Understanding Social Anxiety Disorder in Adolescents and Improving Treatment Outcomes: Applying the Cognitive Model of Clark and Wells (1995).
Leigh E., Clark DM.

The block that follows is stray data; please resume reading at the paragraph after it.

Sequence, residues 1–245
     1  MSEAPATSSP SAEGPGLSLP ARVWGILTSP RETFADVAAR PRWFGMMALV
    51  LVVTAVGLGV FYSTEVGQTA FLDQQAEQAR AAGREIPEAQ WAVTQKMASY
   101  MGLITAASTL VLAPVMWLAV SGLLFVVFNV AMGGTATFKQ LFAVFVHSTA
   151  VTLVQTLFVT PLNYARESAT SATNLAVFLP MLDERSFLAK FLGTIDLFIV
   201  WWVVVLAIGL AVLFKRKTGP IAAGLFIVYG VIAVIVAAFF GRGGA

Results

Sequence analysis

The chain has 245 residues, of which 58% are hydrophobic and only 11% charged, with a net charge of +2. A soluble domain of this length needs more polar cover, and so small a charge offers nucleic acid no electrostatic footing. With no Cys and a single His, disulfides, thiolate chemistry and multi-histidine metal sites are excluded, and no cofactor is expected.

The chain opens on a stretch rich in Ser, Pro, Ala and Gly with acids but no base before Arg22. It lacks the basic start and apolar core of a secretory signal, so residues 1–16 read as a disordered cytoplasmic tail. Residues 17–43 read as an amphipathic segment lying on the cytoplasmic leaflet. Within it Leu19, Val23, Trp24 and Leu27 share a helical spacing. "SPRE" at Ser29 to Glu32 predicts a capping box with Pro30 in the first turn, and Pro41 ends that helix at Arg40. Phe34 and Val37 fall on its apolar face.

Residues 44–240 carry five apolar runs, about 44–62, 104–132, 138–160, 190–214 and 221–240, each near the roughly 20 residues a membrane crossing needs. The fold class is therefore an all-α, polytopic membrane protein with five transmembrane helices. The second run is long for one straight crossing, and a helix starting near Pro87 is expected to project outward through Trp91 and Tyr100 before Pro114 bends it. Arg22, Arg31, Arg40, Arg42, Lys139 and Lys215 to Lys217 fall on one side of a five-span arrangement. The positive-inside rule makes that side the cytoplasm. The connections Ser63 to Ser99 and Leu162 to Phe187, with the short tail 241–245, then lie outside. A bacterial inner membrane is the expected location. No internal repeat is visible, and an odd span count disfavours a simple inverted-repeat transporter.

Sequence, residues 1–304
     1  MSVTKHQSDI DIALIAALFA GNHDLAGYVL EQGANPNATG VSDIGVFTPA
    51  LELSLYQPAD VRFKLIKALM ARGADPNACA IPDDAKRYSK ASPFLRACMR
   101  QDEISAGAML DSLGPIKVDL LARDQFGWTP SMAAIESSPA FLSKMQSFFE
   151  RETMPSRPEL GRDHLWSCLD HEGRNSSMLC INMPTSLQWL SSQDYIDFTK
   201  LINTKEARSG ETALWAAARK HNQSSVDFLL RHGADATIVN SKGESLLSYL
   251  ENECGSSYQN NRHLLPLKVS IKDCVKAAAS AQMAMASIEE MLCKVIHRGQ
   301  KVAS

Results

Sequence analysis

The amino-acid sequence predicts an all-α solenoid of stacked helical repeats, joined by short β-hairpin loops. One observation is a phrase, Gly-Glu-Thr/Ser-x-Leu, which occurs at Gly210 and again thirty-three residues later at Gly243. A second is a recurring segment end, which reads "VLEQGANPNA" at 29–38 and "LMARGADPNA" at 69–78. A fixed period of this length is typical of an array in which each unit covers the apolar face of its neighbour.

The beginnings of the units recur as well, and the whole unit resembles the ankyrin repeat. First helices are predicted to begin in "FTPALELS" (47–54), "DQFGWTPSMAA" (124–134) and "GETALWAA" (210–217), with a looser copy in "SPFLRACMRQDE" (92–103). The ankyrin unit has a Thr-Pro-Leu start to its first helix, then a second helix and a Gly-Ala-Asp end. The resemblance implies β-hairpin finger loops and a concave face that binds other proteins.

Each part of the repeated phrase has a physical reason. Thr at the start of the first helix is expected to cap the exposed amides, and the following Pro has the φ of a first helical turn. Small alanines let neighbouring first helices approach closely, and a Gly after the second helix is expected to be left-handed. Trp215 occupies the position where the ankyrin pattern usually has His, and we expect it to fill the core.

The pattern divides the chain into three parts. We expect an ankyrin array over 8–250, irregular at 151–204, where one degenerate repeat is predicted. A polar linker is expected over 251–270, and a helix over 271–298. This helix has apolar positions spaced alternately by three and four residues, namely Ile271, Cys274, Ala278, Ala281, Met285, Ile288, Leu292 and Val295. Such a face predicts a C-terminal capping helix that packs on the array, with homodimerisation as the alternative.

Social anxiety disorder is a condition characterised by a marked and persistent fear of being humiliated or scrutinised by others. Age-of-onset data point to adolescence as a developmentally sensitive period for the emergence of the condition, at a time when the peer group becomes increasingly important. Social anxiety in adolescence is associated with considerable impairment that persists through to adulthood. There are clear potential benefits to delivering effective interventions during adolescence. However, there is limited evidence on the specific efficacy of available therapies. This is in contrast to adults, for whom we have interventions with very specific treatment effects. One such treatment is individual cognitive therapy. Cognitive therapy is based on the cognitive model of social anxiety proposed by Clark and Wells (in: Heimberg, Leibowitz, Hope, Scheiber (eds) Social phobia: diagnosis, assessment and treatment, The Guilford Press, New York, 1995). The present review examines the potential application of this adult cognitive model to the understanding of adolescent social anxiety and considers additional adolescent-specific factors that need to be accommodated. It is suggested that a developmentally sensitive adoption of the cognitive model of social anxiety disorder (Clark and Wells 1995) for adolescents may lead to better treatment outcomes.